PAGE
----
Cognitive decline is a common feature of aging. Physical activity is a modifiable lifestyle factor that has been identified as positively impacting cognitive health of older adults. Here, we review the current evidence from epidemiological (i.e., longitudinal cohort) and intervention studies on the role of physical activity and exercise in promoting cognitive health in older adults both with and without cognitive impairment. We highlight some of the potential underlying mechanisms and discuss some of the potential modifying factors, including exercise type and target population, by reviewing recent converging behavioral, neuroimaging, and biomarker evidence linking physical activity with cognitive health. We conclude with limitations and future directions for this rapidly expanding line of research.
Teresa Liu-Ambrose and John R. Best
Ryan S. Falck, Glenn J. Landry, Keith Brazendale, and Teresa Liu-Ambrose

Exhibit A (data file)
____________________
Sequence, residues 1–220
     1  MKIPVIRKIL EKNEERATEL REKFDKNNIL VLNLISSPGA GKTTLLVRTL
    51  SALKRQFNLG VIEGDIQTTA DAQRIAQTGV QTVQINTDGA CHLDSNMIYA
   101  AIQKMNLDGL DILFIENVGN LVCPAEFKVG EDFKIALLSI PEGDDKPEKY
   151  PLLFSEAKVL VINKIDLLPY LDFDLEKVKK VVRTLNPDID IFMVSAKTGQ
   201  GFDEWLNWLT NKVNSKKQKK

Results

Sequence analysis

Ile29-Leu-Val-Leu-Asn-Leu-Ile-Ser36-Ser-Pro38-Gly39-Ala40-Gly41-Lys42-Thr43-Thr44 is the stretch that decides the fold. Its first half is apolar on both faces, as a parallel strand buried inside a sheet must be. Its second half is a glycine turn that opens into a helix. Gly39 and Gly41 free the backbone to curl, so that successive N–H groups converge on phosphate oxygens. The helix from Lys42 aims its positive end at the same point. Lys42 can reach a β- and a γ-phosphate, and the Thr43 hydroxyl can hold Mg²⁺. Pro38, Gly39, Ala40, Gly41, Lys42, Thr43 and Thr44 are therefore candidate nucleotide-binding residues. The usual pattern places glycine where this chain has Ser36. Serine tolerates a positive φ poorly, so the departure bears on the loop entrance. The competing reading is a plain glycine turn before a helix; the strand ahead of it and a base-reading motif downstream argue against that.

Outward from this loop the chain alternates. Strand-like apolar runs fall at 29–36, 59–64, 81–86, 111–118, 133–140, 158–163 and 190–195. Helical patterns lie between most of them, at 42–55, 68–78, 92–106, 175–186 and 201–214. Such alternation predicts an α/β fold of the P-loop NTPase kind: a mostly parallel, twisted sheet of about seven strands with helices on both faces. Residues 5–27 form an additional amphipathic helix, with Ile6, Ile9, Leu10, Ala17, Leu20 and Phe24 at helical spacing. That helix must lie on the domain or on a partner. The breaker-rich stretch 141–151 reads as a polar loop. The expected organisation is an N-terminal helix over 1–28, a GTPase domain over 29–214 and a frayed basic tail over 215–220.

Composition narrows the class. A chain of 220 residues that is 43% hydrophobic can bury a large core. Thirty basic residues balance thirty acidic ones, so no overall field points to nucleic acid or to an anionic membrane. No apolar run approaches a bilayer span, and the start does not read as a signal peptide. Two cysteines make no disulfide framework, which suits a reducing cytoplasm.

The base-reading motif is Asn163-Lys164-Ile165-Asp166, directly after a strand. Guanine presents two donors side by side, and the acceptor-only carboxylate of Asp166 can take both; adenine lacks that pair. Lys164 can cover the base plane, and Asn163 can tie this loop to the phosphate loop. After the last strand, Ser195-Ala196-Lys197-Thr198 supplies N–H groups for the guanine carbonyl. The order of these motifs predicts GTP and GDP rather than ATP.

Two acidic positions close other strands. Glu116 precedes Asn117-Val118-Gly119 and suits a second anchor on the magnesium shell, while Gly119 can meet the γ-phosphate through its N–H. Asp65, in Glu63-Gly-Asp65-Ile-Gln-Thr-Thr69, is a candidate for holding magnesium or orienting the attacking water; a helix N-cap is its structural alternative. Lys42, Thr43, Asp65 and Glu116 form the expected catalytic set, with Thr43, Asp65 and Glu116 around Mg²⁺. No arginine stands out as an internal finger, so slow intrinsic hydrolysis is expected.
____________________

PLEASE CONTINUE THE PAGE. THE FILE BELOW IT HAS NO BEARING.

Evidence suggests sleep and physical activity (PA) are associated with each other and dementia risk. Thus, identifying reliable methods to quantify sleep and PA concurrently in older adults is important. The MotionWatch 8© (MW8) wrist-worn actigraph provides reliable estimates of sleep quality via 14 days of measurement; however, the number of days needed to monitor PA by MW8 for reliable estimates is unknown. Thus, we investigated the number of days of MW8 wear required to assess PA in older adults. Ninety-five adults aged > 55 years wore MW8 for ≥ 14 days. Spearman-Brown analyses indicated the number of monitoring days needed for an ICC = 0.95 was 6–7 days for sedentary activity, 9–10 days for light activity, and 7–8 days for moderate-to-vigorous PA. These results indicate 14 days of MW8 monitoring provides reliable estimates for both sleep and PA. Thus, MW8 is ideal for future investigations requiring concurrent measures of both sleep quality and PA.